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In my experience, the pocket probably hasn't scarred down. Pockets persist longer than you might think. If this is the case, then gong back under the muscle is a matter of finding the edge of the muscle again, incising the capsule again and then inserting the implant below the muscle. It is a matter of careful dissection and I would expect the procedure to be longer than a primary breast augmentation but it is not contraindicated or highly complicated.

Going back Under the muscle

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Without examining you, it's difficult to say exactly what can/ cannot be done but generally, I would think that it wouldn't be a problem to go back under the muscle. I don't usually recommend sub-glandular (over the muscle) placement - I would be curious to see why you switched.   Do your research regarding the surgeons you visit - make sure to choose a surgeon who is certified by the American Board of Plastic Surgery (not cosmetic surgery) and a member of the American Society of Plastic Surgeons.  From here, you know you are selecting from qualified surgeons.  Most board certified plastic surgeons would suggest sub-muscular placement for better long term results.

Going back under the muscle may be difficult

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When your implants were moved above your muscle, the prior submuscular pocket has problly scarred down and the muscle length has probably shortened.  You have heard right, it many not be possible to back under the muscle and the muscle coverage alone may be very inadequate.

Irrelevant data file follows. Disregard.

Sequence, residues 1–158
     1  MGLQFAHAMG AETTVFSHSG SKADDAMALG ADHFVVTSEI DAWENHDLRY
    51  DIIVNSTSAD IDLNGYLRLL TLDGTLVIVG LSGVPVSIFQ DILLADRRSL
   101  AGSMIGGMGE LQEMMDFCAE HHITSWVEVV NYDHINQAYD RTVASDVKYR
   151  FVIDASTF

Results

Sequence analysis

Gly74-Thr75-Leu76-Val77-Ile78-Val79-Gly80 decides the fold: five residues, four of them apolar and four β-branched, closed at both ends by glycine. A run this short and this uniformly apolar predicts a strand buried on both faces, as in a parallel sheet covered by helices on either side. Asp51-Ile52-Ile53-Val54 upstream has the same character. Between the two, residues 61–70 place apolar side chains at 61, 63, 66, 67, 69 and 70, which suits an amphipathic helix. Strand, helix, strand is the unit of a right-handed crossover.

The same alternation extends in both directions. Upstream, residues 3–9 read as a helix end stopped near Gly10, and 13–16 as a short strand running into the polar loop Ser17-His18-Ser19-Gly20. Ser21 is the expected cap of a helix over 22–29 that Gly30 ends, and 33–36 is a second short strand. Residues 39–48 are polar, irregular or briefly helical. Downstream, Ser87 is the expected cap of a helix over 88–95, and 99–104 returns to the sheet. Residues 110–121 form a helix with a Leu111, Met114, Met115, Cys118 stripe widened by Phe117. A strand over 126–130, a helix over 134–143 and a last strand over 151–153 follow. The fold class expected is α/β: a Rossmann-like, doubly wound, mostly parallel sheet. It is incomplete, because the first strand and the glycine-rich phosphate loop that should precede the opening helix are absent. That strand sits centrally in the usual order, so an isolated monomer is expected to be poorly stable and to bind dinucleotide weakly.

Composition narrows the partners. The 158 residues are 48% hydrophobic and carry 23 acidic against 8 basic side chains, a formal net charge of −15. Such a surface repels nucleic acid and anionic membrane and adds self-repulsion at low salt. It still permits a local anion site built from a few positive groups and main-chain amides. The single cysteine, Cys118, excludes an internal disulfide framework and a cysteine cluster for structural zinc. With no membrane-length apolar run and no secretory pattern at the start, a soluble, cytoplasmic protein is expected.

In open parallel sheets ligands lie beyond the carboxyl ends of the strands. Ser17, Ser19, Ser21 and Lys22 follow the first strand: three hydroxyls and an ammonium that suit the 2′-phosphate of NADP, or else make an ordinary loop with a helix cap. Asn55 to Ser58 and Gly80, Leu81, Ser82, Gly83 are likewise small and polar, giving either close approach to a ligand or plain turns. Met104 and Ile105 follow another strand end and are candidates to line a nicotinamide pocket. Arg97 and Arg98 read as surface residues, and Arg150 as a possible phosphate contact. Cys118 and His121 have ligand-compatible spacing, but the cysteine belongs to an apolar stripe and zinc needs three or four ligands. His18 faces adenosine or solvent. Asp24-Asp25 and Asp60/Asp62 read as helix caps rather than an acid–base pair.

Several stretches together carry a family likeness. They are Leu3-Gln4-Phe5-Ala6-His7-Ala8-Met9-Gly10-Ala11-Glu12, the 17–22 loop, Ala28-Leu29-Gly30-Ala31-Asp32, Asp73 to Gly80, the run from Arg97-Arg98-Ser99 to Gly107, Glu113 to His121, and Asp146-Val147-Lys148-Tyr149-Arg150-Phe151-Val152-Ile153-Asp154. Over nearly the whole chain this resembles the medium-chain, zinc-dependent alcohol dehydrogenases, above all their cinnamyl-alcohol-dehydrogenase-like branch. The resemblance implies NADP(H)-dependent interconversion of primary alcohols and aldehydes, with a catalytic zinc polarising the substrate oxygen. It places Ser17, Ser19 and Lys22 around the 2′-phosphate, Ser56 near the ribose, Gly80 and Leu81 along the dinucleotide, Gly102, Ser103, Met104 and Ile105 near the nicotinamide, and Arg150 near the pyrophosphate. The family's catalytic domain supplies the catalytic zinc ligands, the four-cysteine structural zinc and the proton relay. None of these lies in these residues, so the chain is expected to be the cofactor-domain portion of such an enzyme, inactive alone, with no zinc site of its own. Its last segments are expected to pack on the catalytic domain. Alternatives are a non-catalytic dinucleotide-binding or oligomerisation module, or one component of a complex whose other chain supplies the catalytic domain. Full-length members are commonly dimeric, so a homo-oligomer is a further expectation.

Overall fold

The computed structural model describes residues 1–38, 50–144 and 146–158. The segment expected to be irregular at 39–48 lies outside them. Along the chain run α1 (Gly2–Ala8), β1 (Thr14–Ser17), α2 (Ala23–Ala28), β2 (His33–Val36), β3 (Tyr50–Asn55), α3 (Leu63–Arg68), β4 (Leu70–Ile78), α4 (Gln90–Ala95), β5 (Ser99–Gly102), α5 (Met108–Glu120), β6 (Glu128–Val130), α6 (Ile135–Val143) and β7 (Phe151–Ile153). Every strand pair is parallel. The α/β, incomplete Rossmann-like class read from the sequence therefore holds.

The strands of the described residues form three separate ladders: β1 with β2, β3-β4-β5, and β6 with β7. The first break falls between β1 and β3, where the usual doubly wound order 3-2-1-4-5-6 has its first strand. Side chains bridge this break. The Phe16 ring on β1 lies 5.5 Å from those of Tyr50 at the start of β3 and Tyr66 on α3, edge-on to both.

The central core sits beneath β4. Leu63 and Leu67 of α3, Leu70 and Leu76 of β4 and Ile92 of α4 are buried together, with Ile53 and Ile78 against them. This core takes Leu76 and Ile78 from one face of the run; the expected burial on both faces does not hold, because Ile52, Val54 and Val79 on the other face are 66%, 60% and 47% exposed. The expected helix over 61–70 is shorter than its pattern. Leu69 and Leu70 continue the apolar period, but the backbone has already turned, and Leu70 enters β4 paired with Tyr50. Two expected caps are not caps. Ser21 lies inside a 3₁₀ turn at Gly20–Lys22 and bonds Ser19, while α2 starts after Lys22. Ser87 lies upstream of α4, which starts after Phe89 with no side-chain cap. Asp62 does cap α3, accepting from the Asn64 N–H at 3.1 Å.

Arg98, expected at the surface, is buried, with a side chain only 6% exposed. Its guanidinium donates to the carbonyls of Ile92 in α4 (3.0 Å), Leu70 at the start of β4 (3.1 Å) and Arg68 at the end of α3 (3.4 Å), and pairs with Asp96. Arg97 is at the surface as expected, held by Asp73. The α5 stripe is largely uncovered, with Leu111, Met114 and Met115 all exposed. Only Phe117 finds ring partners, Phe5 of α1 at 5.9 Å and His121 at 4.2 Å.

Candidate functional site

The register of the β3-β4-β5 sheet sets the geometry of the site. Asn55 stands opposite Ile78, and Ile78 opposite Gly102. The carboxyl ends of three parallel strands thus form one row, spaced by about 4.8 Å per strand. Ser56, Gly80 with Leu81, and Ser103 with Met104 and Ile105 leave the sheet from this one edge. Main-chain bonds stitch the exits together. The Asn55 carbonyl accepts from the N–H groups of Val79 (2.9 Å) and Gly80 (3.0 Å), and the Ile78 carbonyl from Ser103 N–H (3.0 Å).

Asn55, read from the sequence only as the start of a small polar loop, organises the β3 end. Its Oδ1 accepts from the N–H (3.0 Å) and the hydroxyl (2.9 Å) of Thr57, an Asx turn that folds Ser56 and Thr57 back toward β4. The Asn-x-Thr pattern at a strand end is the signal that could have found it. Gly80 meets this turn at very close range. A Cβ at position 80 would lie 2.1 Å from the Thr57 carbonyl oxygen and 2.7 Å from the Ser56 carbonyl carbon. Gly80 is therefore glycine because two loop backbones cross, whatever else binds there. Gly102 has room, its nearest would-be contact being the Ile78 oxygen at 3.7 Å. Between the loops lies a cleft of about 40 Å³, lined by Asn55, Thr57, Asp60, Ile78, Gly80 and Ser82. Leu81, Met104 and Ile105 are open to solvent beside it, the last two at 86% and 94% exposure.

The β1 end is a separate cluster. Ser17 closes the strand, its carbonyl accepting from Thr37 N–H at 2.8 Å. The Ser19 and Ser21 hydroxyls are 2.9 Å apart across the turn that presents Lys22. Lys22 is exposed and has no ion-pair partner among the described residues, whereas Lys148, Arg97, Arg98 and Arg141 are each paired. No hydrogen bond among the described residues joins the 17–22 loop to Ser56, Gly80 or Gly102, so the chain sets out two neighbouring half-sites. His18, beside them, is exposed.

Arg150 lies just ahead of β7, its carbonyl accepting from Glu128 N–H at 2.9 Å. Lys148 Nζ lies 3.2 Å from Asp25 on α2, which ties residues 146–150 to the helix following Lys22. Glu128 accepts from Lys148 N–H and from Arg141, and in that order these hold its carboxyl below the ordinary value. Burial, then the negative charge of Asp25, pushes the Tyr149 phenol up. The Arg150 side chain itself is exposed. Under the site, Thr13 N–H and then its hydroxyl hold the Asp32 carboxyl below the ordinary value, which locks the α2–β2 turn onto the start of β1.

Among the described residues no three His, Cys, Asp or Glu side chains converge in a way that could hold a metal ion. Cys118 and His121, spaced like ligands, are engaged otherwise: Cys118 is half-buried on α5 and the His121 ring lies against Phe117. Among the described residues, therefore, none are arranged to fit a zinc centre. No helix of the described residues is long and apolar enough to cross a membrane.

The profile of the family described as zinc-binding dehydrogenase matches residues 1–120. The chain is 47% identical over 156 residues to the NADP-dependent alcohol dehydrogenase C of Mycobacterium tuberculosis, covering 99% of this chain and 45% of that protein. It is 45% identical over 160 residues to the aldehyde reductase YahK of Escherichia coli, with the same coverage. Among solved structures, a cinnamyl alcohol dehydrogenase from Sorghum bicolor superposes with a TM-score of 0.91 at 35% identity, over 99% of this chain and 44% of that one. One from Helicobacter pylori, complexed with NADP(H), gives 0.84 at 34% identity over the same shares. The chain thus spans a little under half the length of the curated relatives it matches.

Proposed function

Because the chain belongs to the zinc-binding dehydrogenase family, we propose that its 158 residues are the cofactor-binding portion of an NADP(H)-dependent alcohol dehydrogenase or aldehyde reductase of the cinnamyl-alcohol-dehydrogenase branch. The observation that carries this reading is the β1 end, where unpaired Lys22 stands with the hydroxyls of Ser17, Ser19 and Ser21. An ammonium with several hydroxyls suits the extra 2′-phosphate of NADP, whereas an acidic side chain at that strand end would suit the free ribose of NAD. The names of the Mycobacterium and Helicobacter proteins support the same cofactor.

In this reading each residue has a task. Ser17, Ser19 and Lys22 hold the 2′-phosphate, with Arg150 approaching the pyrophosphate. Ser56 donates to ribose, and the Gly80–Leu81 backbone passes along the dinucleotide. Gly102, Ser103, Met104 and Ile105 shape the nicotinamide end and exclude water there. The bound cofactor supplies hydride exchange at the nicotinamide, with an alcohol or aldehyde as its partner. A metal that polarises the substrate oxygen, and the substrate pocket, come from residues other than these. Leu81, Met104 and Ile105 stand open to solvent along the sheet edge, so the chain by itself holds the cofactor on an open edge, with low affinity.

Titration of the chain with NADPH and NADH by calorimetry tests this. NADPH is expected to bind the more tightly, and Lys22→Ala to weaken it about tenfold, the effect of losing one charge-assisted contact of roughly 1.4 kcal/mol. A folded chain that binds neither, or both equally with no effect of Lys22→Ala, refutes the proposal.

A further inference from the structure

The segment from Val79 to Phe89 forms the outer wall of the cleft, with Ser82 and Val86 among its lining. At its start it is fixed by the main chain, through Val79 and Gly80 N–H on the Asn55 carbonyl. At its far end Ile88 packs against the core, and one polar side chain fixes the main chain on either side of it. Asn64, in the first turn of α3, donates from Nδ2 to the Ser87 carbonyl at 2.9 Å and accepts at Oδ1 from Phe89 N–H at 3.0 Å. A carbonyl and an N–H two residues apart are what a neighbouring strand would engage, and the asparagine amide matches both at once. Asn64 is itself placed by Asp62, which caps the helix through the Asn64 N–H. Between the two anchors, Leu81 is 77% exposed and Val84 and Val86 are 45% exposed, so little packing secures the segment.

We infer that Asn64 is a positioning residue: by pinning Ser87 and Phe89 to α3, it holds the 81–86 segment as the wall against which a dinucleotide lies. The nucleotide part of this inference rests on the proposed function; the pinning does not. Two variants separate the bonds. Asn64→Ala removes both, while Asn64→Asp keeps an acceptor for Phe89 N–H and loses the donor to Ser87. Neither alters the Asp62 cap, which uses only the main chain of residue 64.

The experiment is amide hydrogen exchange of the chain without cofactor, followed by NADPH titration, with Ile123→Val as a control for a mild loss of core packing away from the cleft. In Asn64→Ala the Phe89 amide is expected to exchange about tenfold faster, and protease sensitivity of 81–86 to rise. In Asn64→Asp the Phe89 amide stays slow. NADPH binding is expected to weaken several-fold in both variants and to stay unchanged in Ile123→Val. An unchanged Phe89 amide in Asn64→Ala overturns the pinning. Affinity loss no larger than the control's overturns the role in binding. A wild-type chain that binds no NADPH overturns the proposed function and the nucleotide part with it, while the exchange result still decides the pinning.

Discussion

Revision breast augmentation

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This is unfortunately a problem we are seeing more often as the era of breast implants extends. Yes, it would be possible to transpose the implant back under the muscle however it may be challenging to elevate this plane and the muscle likely will be thin. There are porducts available that could help reinforce that submuscular plane that are commonly used in breast reconstruction that are acellular dermal matrices. That may be indicated in your procedure, but they are expensive.

Andrew P. Trussler, MD
Austin Plastic Surgeon
4.9 out of 5 stars 52 reviews

More challenging but possible

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Now that both spaces have been created the anatomy of teh breast has been altered significantly. Understanding what you are trying to achieve is going to be the most important aspect of successful surgery.
if you are thin and the implant is visible through the upper pole skin going to a submuscular position will help if your pectoralis muscle can be mobilized.

A new technique which uses dermis to hold the pectoralis in place and support the implant and the lower pole of the breast is an excellent option in the right candidate.

You need to be evaluated by an experienced certified plastic surgeon to help understand what can be accomplished for you at this time.

Good luck

Robert W. Kessler, MD, FACS
Corona Del Mar Plastic Surgeon
5.0 out of 5 stars 130 reviews

These answers are for educational purposes and should not be relied upon as a substitute for medical advice you may receive from your physician. If you have a medical emergency, please call 911. These answers do not constitute or initiate a patient/doctor relationship.